Brain Cancer

The brain and spinal cord are considered the central nervous system, or CNS. Abnormal clones of cells can arise in either of these areas and can lead to various symptoms and conditions. Primary brain tumors start in the brain versus a malignant tumor that starts in another part of the body and spreads to the brain. For instance, these metastatic tumors may have begun in the lung or breast. Therefore, even if symptoms arise and a tumor is found in the brain, it does not mean that one has brain cancer.

Some tumors in the brain are benign, meaning they are nonmalignant. A comprehensive diagnostic workup will include a medical interview and neurological exam testing your vision, strength, coordination, balance, hearing, and reflexes. Imaging tests will be performed, including a brain MRI and possibly a CT scan or PET scan. If it is suspected that the brain tumor originated in another part of the body, a CT scan of other areas may be necessary. A biopsy can be performed to remove either a piece of or the whole tumor, and the tissue can then be studied under a microscope to determine its cancer status. Molecular testing of the tumor may be ordered to identify specific tumor markers that may help diagnose and treat.


The most common types of adult brain tumors are gliomas, which form from glial cells, followed by meningeal tumors. The glial cells are the most abundant type of cell in the CNS. They protect the neurons (nerves that conduct messages) from damage. Meningeal cells form the membraneous layers that surround the CNS. Brain tumors’ symptoms can vary widely depending on the location within the brain and the type of tumor tissue. However, common symptoms can include headaches, seizures, balance changes, or alteration of senses like vision, smell, or taste.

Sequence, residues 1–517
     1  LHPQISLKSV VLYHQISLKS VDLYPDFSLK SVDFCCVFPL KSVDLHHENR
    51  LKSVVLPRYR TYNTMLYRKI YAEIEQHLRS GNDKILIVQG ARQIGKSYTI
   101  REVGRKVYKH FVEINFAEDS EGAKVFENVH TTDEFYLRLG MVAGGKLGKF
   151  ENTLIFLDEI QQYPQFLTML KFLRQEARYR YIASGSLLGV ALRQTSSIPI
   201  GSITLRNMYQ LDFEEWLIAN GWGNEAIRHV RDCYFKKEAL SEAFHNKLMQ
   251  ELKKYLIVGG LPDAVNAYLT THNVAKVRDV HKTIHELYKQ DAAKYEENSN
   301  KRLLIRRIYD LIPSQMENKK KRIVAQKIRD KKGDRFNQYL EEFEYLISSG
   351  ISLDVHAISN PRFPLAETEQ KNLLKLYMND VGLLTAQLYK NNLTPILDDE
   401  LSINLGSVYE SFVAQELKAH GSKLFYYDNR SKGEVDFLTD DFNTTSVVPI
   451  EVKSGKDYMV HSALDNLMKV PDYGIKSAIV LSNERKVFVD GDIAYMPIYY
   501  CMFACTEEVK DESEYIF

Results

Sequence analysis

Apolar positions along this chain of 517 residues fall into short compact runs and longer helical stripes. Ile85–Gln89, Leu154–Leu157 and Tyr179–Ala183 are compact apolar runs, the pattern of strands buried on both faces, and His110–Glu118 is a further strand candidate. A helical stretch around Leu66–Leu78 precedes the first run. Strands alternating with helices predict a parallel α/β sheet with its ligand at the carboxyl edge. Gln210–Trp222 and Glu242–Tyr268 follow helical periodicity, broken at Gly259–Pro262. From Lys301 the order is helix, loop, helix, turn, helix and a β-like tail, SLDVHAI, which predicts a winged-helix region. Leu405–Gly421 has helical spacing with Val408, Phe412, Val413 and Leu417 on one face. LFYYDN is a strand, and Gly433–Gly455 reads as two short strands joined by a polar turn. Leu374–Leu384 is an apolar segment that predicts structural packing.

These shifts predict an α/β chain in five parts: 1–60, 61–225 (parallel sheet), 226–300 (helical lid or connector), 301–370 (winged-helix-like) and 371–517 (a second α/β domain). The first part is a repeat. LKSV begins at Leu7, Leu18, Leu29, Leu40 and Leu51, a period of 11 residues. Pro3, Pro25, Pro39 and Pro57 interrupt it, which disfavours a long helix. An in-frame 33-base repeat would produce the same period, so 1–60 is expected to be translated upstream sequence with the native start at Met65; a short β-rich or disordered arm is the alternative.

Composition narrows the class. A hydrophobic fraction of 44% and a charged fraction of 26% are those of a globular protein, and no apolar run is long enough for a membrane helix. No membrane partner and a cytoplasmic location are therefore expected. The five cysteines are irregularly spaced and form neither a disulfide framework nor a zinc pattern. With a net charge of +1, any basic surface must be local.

Treatment for brain cancer has dramatically evolved with recent advances in research. The medical oncologists at Salish Cancer Center have worked with patients using stand-alone or combination therapies, including radiation therapy, chemotherapy, targeted therapy, and, more recently, tumor treating fields for specific tumor types such as glioblastoma multiforme (GBM). Treatment for symptoms may include anti-seizure drugs, steroids, and surgery. Coordination between specialists is a necessity. As a Salish Cancer Center patient, you will also visit a naturopathic physician trained explicitly in Integrative Oncology using diet, supplements, and lifestyle counseling. Our naturopathic doctors work with patients at all stages of the disease with symptom management, optimize your conventional treatment for the most significant effect, and support your overall health and well-being. Acupuncture treatments are often highly effective for cancer-related conditions such as nausea, pain, and insomnia.

Financing cancer treatment can be a stressor. We accept most insurance plans, and our financial counselor is available to discuss pricing and fees before your first visit. Other integrative services offered here, such as acupuncture, may be covered. Our clinic must receive all pertinent records before your appointments are scheduled so that we can give you our most well-informed recommendations.

For more detailed information on prostate cancer types, potential treatments, or to learn more about our services, please continue reading through our site and visit the Resources page for helpful tools and information.

Our caring support staff is available by phone to answer questions and schedule consultations. Whether you are newly diagnosed with brain cancer, exploring further options, or would like a second opinion, the physician team’s combined expertise at Salish Cancer Center is here for you.

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Risk Factors for Brain Cancer

Optune Electromagnetic Therapy

TEDMed Talk on Tumor Treating Fields

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